Amsterdam Centraal


Amsterdam Central Station is the Kim Kardashian of train stations - high maintenance, more than a little dirty, frequently invaded by foreign objects, yet not without its charm at times.

Centraal (the extra 'a' is the Dutch spelling) like so much of the overall Dutch experience, inspires a mix of emotions.

It is not the cleanest of stations, no. Particularly during the perennial garbage strikes that grip the station, when you have to navigate the piles of trash and Euro-trash while you dash to your soon-departing train.

Inside, it's not the nicest-looking of stations either. Any number of major centres in Europe have way more attractive central stations - including Paris' Gare de Lyon and Brussels' Antwerp, to name but two - where you step out and feel as though you are in a museum.

As far as amenities, it's lacking. A couple of fast food kiosks, a Hema (a future post will explain the goodness that is Hema), a pay toilet, and that's kind of it. Save for a few benches and a four-seat Starbucks, you can barely find a spot to sit down in the event that you have to wait to meet someone (an all too frequent experience, thanks to the train company NS, short for Nederlandse Spoorwegen, or No Service). You can't even meet someone for a beer here to ease the pain of a teary farewell or celebrate a homecoming.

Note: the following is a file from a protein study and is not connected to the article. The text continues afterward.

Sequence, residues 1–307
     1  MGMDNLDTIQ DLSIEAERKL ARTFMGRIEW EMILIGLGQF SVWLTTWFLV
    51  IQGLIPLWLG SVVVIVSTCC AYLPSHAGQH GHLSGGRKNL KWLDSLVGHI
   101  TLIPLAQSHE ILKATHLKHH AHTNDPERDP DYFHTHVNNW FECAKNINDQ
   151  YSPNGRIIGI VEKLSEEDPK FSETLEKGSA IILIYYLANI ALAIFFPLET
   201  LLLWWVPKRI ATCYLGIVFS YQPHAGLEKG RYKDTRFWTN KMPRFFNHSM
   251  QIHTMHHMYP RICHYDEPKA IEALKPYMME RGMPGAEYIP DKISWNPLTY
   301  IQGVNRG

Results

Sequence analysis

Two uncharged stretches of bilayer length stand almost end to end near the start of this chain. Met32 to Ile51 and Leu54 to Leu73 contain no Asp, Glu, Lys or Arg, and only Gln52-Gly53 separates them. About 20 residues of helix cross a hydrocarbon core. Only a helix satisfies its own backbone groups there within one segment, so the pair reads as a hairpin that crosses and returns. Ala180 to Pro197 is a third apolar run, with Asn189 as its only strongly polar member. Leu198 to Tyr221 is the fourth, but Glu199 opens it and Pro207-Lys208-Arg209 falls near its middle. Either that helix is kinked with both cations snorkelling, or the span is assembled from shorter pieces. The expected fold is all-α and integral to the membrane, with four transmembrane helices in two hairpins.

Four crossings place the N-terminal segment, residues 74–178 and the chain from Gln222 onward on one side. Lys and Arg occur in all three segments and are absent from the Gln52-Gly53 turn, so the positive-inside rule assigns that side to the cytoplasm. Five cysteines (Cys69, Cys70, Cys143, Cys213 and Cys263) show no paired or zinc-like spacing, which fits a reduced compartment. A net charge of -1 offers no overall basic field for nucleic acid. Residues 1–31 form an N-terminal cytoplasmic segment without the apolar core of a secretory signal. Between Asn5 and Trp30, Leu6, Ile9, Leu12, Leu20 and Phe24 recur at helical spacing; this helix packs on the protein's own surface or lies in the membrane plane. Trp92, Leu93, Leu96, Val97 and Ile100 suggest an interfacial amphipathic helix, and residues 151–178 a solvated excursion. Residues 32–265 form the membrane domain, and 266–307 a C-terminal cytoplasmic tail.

And yet.

It's seeing the amazing mix and hum of foreign travellers and locals buzzing through the station from all directions. It's the thousands of bikes stacked seemingly on top of each other just steps from the door, yours included, offering quick access to the city beyond.

It's the water ringing the north and south entrances, a sparkling sight to see on a sunny day when the city is crackling with possibility. And it's the arrival from Amsterdam itself, when the station's exterior of red bricks, gold trim, exterior art work and a beautiful clock tower beckon from far away.

As for which one will age more gracefully, Amsterdam Centraal vs Kardashian, my money's on the one with the less generous seating.



dimaks said...

Looking at those pile of bicycles parked is just amazing. Makes remember my days in Japan. I learned to appreciate the use of non-motorized transport mode when I was there several years ago. I hope to find myself in your city as well to experience the transport scene as well. Nice blog here!